Trying Out Assistive Listening at Abravanel Hall

Last Saturday, I had the opportunity to attend a symphony concert at Abravanel Hall in Salt Lake City. Since I work at Listen Technologies, I decided to seek out and use an assistive listening device to see what the process was like, as well as the listening experience. I found that they were available in one of the coat check locations on the main floor. There is a sign for assistive listening devices availability above the coat check window.


I checked out two units.One unit was for someone who has hearing loss to the point of not being able to hear conversations in a crowded, noisy environment. The other, I used to experience the product myself.


Check-out involved filling out a form in a 3-ring binder with my name, phone number, and the number of the unit, which was indicated by a number on a piece of tape on the device. Both were set to channel E and one had the belt clip missing. One set of headphones had cloth covers over the earpiece foam, while the other headphone had just the foam covers.


Instructions were given by the issuer as to how to turn the unit on and off and how to adjust the volume control. They also reminded me to return the units after the concert.


During the concert the device worked well. I could clearly hear the performer separate from the symphony and could adjust the volume control to achieve a good balance for my listening tastes. In this environment there was little to no background noise. The person with hearing loss said the device worked well and he enjoyed listening to the concert using it.


Whether you have hearing loss or not, I highly recommend checking out an assistive listening device next time you visit a public space like Abravanel Hall or something similar. It improved my experience, as well as the person with me. 

Keeping the Drama on Stage at the Oregon Shakespeare Festival

The Oregon Shakespeare Festival (OSF), located in Ashland, Oregon, is known for a lot of great things. They’re known for fantastic performances, Shakespearean or otherwise. They’re known for cultivating diversity and culture in Oregon. And they’re becoming synonymous with providing great experiences for all of their patrons.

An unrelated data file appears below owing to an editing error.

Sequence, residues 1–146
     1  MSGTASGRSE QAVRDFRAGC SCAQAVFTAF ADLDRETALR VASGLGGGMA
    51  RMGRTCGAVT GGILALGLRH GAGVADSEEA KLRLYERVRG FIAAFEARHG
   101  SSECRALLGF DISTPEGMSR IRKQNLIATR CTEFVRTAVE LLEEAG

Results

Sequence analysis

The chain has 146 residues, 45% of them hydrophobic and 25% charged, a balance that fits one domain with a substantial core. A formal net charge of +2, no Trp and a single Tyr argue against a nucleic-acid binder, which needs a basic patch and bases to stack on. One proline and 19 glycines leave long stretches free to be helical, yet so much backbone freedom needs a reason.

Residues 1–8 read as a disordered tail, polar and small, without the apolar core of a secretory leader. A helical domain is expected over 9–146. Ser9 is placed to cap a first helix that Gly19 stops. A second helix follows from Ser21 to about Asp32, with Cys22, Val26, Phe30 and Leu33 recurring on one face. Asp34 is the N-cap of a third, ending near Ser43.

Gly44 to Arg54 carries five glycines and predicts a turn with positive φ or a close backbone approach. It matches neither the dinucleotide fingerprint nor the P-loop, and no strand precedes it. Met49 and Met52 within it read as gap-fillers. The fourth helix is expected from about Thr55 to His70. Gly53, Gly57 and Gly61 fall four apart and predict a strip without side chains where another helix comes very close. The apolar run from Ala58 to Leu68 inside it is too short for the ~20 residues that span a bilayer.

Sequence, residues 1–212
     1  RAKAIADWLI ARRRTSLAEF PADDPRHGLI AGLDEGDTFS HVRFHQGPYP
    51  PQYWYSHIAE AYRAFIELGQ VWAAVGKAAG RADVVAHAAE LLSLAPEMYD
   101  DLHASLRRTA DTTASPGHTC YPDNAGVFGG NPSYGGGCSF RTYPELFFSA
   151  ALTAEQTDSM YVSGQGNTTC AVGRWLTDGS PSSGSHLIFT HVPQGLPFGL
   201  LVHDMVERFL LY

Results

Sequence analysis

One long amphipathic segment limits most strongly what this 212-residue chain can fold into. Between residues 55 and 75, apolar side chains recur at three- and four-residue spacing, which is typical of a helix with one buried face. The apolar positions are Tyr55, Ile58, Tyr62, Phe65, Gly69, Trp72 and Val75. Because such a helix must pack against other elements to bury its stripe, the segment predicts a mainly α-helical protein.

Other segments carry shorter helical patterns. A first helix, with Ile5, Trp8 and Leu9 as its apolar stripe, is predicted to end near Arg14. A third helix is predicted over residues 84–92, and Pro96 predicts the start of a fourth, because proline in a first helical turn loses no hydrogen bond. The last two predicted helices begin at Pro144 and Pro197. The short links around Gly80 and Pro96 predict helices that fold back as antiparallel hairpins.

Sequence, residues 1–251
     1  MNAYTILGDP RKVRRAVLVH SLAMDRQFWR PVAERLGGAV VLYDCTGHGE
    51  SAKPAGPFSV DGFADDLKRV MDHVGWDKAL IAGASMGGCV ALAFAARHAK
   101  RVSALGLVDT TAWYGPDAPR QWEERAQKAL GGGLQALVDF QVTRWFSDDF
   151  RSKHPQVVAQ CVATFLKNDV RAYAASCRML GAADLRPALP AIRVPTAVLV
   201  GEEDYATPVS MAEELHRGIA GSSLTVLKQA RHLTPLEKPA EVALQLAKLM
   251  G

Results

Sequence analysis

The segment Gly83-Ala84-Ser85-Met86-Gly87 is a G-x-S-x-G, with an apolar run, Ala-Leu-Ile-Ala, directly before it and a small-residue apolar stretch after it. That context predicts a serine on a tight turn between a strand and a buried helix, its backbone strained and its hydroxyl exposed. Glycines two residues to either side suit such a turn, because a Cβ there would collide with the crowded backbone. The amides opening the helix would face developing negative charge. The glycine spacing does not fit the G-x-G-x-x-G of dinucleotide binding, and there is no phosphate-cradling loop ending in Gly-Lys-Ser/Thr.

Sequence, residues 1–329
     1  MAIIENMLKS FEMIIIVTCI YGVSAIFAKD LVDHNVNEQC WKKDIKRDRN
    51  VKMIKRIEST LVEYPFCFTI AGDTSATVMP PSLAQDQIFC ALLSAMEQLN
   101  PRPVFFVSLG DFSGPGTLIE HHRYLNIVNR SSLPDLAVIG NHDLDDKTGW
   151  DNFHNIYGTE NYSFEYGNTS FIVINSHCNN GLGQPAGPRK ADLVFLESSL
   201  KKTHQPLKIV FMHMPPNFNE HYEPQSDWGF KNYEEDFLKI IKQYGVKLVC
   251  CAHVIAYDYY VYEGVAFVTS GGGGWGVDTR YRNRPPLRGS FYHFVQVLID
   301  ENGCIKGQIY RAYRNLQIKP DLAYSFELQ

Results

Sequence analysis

The OSF is definitely committed to providing a great experience to all. They strive to make their facilities accessible to everyone by providing a variety of accommodations for persons with disabilities; this includes people with hearing loss. Not only do they provide patrons with assistive listening devices from Listen Technologies, but they also schedule certain performances with sign interpretation and open captioning.

Going to the theater when you can’t quite hear what the actors are saying can be an incredibly frustrating experience for someone with hearing loss. For example, experiencing any one of Shakespeare’s plays without the ability to hear his rich language would diminish any audience member’s enjoyment.  Can you imagine seeing Hamlet without being able to hear the famous “To be or not to be,” speech or watching A Midsummer Night’s Dream without hearing Puck pose his continually impish quips? It would be more tragic than King Lear!
Luckily, the OSF is taking a fresh approach to combining assistive listening and Shakespeare, so those with hearing loss can enjoy each and every soliloquy. With the use of Listen Technologies RF assistive listening equipment, the OSF provides its audience members the opportunity to experience the theater the way it should be experienced. This product allows the theater to wirelessly transmit audio from a fixed box to personal, portable receiver that an audience member uses like his or her very own private radio. This solution keeps all the tragedy on the stage, so that the audience members don’t have to miss out on experiencing the drama the way it should be experienced.

The OSF typically offers eleven different plays throughout its ten-month season. Although, their namesake is the Bard, the acting company also performs works by modern and contemporary playwrights. They also offer all kinds of classes, various artistic activities & events, and a Green Show before performances. This sort of drama is not to be missed.

One Loop at a Time